It would not be inaccurate to say that Adrian Lamo is a child prodigy when it comes to hacking; he knew how to hack even before he could legally drive.
His life as a professional hacker started off on the right track as he hacked to help people and companies by exposing any loopholes on their network. In other words, he was a respectable white hat. However, no one is safe from the tendrils of cybercrime. During the course of his work, he stepped over the line when he hacked into The New York Times' network. He was subsequently punished.
One of his most memorable childhood memories is that of figuring out how to make both sides of a floppy disk writable. This happened during his computer exploits when he was just eight years old. "It was quite the discovery for me," he said.
Interestingly, in spite of being far more talented at hacking compared to his contempories, Lamo was least interested in impressing his peers. He hacked only for the sheer joy of hacking and the learning experience. Deeply fascinated by the hacker culture, he read everything he could about the culture before encountering it during adulthood. When he finally made contact with other professional hackers, he realized that working in a team did not suit him and his solo career began.
His incomparable prowess as well as his unconventional and unorthodox style earned him a reputation among high-profile companies and employers as a hacker who worked outside of rules. His skills enabled him access into high-profile and very well-protected networks owned by companies like Microsoft, America Online, and many others. He could have dealt severe damage to these networks if had wished but his intentions were always good. Each and every time he penetrated these supposedly “impregnable” networks, which was very often, he would contact the network administrators to tell them exactly how he did it and suggested safety procedures for them to implement.
His career was going well until, in 2002, he made the mistake of hacking into The New York Times' network to access its contributor database. Unlike all his previous exploits, this particular hacking was not at all accepted well. Apparently he had managed to gain access to all the social security data of many high profile public figures and celebrities including former US president Jimmy Carter, former United Nations weapons inspector Richard Butler and Hollywood actors Robert Redford and Warren Beatty. Worse still, the database included home phone numbers and other personal details.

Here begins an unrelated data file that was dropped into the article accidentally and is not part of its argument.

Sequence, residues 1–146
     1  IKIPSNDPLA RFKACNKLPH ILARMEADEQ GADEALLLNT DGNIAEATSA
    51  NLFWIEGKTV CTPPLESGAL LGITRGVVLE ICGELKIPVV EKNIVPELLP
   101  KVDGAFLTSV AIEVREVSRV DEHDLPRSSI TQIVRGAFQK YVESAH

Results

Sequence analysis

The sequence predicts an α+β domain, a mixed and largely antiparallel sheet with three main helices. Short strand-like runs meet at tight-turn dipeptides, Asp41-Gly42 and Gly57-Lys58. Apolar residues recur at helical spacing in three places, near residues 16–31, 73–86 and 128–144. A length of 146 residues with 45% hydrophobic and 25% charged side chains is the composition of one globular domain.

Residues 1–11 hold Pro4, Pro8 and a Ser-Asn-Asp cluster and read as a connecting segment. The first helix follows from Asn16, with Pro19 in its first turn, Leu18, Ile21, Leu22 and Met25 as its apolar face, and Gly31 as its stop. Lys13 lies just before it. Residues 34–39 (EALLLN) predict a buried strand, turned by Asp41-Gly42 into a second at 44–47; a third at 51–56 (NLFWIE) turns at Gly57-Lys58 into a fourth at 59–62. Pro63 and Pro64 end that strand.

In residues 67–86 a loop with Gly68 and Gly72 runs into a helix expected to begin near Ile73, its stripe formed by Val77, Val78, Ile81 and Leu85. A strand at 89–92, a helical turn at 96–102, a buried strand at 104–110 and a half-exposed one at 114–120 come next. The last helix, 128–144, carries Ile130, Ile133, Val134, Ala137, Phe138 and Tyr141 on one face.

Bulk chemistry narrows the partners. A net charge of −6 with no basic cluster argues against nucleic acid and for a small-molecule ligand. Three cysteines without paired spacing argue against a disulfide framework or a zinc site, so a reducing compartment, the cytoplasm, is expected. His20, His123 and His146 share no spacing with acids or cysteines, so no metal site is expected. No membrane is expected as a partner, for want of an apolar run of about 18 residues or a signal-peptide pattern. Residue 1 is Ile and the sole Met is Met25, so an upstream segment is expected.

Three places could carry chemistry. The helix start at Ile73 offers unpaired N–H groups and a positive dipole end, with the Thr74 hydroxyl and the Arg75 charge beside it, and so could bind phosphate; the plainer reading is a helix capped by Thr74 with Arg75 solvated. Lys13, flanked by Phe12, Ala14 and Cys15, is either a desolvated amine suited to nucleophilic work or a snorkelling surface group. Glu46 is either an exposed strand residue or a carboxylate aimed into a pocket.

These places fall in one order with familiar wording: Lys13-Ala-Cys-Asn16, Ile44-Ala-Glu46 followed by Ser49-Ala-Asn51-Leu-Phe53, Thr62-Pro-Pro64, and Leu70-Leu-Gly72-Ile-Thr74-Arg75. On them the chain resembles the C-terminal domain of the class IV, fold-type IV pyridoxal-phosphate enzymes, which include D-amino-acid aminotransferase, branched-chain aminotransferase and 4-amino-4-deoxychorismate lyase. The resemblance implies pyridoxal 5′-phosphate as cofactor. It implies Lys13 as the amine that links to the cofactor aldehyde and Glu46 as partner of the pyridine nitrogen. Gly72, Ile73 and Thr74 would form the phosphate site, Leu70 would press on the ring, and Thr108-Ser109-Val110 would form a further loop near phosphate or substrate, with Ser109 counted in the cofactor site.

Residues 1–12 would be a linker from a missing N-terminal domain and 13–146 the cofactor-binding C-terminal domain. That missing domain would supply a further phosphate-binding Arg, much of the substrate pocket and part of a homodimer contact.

From being a purely technological matter, this issue went out of his control as the very privacy of all these influential people was at risk. As a result warrant was issued for Lamo by the US authorities. He had no choice but to turn himself in and he pleaded guilty to one charge of computer crime.
"I'll either get prison, or house arrest," Lamo said at that time. "I hope for the best ... [and] will make the best possible experience out of any sentence that's handed down. No experience we ever have is wasted." The hacker finally got sentenced to six months' home detention as well as two years of strict probation by a federal judge. He also had to pay $65,000 in damages.
He said that he never did and never will draw a clear distinction between real life as well as online exploration. “I try to see things differently, no matter what venue I'm in. I'd be just as likely to spend the morning talking to a stranger who just got out of city jail, buy him breakfast, and learn about his life, as I would be to break into a company ... or just randomly explore the Net. It's all the same principle, the same desire to see things that other people gloss over in their daily lives."
Referring to his sentence, he said, "Actions have consequences. I never thought it was inevitable, but I always knew that something like that could happen."
"Lamo's Adventures in WorldCom", by Kevin Poulsen
Adrian Lamo Fan Site
He Hacks by Day, Squats by Night
Hackers: Under the hood: ZDNet Australia: Insight: Security